The effects of natural fire and recreational disturbance on montane forest ecosystem composition, structure and nitrogen dynamics, Crater Lake National Park, Oregon Public Deposited

http://ir.library.oregonstate.edu/concern/graduate_thesis_or_dissertations/w9505255w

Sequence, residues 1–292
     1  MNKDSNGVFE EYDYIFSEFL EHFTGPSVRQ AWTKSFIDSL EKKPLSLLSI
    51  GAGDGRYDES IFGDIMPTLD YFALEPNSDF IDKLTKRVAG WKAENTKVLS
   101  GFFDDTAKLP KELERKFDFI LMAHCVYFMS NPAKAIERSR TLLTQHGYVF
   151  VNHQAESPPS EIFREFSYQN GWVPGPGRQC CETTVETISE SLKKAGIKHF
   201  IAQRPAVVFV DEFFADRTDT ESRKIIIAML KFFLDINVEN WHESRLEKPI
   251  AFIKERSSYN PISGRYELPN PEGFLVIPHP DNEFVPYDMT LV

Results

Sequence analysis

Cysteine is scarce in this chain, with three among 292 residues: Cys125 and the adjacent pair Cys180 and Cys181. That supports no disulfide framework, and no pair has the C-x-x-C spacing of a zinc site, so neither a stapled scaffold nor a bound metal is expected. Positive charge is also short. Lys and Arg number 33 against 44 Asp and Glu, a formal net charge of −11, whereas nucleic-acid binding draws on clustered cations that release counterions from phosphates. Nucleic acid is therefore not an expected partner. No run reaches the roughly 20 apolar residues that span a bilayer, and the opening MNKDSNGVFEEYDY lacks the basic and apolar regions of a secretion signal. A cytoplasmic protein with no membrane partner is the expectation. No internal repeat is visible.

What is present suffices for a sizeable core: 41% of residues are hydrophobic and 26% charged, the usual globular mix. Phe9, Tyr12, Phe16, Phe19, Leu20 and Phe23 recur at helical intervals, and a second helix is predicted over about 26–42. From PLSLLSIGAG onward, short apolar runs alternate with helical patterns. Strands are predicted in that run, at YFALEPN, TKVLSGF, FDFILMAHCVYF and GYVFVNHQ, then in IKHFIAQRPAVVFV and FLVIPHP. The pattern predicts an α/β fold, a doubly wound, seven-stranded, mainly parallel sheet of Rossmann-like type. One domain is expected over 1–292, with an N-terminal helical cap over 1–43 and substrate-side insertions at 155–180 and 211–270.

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  • Disturbance, whether natural or of human origin, modifies to varying degrees many ecosystem attributes. Fire is a natural process in the montane forests of southern Oregon but for much of the 20th century fire was viewed as an apocalypse and thus fervently suppressed. Effective natural resource management requires an understanding of how ecosystems function, including the ecological response to the natural disturbance regime or anthropogenically altered conditions. To describe the effects of natural fire and ecosystem changes with time following fire, I examined plant composition, structure, biomass and soil nitrogen using a chronosequence of sites ranging in age from 1 to >300 years. The ecological importance of human activity is a function of the magnitude and permanence of its effects which were described at active and abandoned recreation sites. Stand-replacing fires killed virtually 100% of the overstory trees, consumed 87% of the forest floor and resulted in a 27% loss in total aboveground biomass. A pulse of mineralized nitrogen was still apparent 2 years following fire. Two years following fire, little plant colonization was established. The availability of local seed sources, particularly seedbanking species, appears to have been an important determinant of the early-successional community composition. The developing community was dominated by nitrogen-fixing species which may play an important role in the post-fire nitrogen dynamics in these ecosystems. Conifer seedling densities measured 667 individuals/ha 8 years following fire and 1714 individuals/ha 24 years after fire. Extended tree maturation and variation in composition characterized the forest structure and composition during secondary succession. Total aboveground biomass remained high and accumulation followed a general U-shaped curve. Recreational use resulted in a reduction in tree density and biomass at all active sites. The greatest reductions occurred at sites set in late-successional forests. Compositional change was also greatest at sites established in late-successional forest with increased dominance of lodgepole pine and graminoids. Within 40 years the abandoned, mid-successional sites had recovered from most of the recreational impacts; however 40 years was not sufficient for late-successional forest recovery. These results suggest that the stage of succession should be considered when assessing potential recreational impacts.
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